In Sitka, Alaska, musician, and artist Nicholas Galanin creates music as Ya Tseen. Imbued in his new record, and across all of his creative output, is a conscious effort to shift the narrative away from painful histories of Indigenous peoples.
"Indian Yard" refers to a sign in the pale and parched desert of the Coachella Valley, California. Standing 45ft high, rising out of the chalky rocks and cholla, it displays one of the most famous typefaces in the world, featured on countless guidebook covers and selfie backgrounds, one that is synonymous with stardom and the American Dream.
But instead of spelling “Hollywood,” this sign spells “Indian Land”. It’s a site-specific work created by 41-year-old artist/musician Nicholas Galanin, a showy reminder that the playgrounds of the rich and white are on stolen land, and a rallying cry to return what isn’t theirs.
The misrepresentations upheld by institutions transfer into the mistreatment of our communities still today. - Nicholas Galanin
"The iconic sign was historically placed as a white-only real estate advertisement. A lot of people don’t know that” Nicholas says of the Los Angeles landmark, which was erected on the Hollywood Hills in 1923 and at first spelled “Hollywoodland.”
The message behind the sign aligned, he continues, with “manifest destiny” – the belief in the 19th Century that white settlers were divinely ordained to colonize the US – and consequently “the displacement of Indigenous communities from their lands and homes.” But it also speaks to the role that the film industry has played in perpetuating “a certain version of Indigenous communities,” he says, “not portraying us as we, portraying us as a stereotype. The misrepresentations upheld by institutions transfer into the mistreatment of our communities still today.”
Nicholas’ piece, which is titled Never Forget, cemented him as a crucial voice in contemporary art. His use of the word “Indian” has sparked some concern within the community on whose land the sign stands – the Agua Caliente reservation, belonging to the Cahuilla tribe – who feared it was reductive but Nicholas, who is both Tlingít and Unangax̂, says it’s a knowing reference to a word he disagrees with.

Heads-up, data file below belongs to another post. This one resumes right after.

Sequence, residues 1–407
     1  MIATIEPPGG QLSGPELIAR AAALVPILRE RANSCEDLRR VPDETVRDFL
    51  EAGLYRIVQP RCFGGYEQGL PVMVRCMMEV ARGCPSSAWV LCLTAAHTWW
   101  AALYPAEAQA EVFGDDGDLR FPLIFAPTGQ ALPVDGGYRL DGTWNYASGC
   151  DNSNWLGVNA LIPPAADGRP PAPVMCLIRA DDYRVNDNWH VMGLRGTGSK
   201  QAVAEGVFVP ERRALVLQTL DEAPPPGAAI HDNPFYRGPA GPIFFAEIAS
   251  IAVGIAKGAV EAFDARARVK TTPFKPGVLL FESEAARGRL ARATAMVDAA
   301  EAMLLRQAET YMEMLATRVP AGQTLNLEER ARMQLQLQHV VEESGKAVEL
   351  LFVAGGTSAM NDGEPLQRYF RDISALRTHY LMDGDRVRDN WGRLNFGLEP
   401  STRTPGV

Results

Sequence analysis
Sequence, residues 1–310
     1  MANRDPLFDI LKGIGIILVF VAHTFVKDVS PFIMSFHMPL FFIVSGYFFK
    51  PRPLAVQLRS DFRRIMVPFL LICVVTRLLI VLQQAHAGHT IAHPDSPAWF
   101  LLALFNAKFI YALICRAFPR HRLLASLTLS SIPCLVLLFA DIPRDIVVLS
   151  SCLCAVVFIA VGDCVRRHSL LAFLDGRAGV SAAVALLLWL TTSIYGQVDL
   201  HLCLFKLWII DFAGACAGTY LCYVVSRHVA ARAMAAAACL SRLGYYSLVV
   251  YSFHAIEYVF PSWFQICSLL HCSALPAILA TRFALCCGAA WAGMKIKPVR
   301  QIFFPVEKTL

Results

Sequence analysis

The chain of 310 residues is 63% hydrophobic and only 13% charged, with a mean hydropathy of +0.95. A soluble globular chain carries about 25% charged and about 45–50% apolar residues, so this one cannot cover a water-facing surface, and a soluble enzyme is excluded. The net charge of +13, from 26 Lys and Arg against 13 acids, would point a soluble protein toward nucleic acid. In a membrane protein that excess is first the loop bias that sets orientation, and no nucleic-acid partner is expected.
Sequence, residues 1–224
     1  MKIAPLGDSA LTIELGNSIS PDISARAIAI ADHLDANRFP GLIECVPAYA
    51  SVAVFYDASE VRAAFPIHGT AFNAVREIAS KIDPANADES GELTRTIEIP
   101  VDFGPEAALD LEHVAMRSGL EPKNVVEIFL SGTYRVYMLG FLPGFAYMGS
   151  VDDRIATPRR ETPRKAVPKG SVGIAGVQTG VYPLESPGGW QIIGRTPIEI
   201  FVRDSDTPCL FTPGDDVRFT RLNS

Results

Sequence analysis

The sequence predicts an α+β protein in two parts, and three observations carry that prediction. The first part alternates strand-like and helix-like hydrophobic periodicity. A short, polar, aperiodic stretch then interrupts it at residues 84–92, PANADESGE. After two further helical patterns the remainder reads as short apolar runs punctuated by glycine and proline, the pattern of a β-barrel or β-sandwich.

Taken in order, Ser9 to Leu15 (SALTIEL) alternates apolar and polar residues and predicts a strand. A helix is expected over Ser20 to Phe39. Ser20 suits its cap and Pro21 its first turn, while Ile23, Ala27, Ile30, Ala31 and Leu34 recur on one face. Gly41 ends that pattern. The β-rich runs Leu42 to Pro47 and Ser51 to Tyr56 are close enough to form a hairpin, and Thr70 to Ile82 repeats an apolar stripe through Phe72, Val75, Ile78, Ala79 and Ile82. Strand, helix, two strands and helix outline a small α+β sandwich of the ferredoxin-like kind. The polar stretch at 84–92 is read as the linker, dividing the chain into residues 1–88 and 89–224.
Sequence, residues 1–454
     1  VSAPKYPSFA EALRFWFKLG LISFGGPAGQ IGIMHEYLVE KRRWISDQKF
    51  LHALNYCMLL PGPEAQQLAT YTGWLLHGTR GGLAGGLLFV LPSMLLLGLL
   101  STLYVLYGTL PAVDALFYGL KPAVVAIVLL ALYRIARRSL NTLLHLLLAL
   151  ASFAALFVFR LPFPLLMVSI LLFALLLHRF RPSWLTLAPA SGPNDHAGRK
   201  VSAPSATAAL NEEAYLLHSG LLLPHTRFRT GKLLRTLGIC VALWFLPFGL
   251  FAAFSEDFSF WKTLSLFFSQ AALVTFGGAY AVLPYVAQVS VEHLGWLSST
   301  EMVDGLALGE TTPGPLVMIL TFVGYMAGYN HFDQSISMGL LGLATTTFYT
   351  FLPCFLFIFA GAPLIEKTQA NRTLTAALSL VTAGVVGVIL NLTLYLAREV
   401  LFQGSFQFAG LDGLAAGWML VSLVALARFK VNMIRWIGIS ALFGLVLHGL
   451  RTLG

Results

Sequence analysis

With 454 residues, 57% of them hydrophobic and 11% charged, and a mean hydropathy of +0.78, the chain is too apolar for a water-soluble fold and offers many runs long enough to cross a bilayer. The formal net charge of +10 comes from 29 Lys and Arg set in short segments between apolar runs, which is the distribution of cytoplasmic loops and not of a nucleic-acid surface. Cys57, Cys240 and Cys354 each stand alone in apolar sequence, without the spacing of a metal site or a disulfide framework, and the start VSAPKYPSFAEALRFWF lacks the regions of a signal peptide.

‘Indian’ is a monolithic term that was embraced by the government as it removed each individual community from their place and space, over 560 Indigenous communities, with unique cultures, unique histories.
These types of messages skewer much of Nicholas’ work as a multi-disciplinary artist who defies easy categorization. Ya Tseen is a conscious effort to shift the narrative away from painful histories – liberation as an act of resistance.
"'Indian Yard' humanizes Indigenous experience in the world in a society that has historically dehumanized us,” says Nicholas. “It doesn't abandon the battles or the things that we still work daily towards in our communities, but I feel like it creates space for conversations based on all of these other aspects that oftentimes are overlooked intentionally when we're written about in the institutional or academic world. We have love, we have joy, we have our families and our children. We're not only defined by trauma; we're not only defined by these aspects of our history. You can't always get that through one art project.
This album humanizes Indigenous experience in the world, in a society that has historically dehumanized us.
Not one to submit to the cliché of a happy ending or a clear resolution, Indian Yard grows gradually more ominous in tone: one of the most intriguing tracks, the Sun Ra-referencing Gently To The Sun, imagines a space above the Earth without police brutality, pre-colonization, and with a poem rapped by Tay Sean atop a syncopated beat – Nicholas’ take on Afrofuturism, perhaps, where post-punk meets rap meets jazz.
Synthetic Gods, meanwhile, featuring Palaces and Boss, includes audio footage from the protests on Seattle’s Capitol Hill last year during the Black Lives Matter uprisings during its taunting trap abstractions. And it ends with Back In That Time – mercuried rap with menace.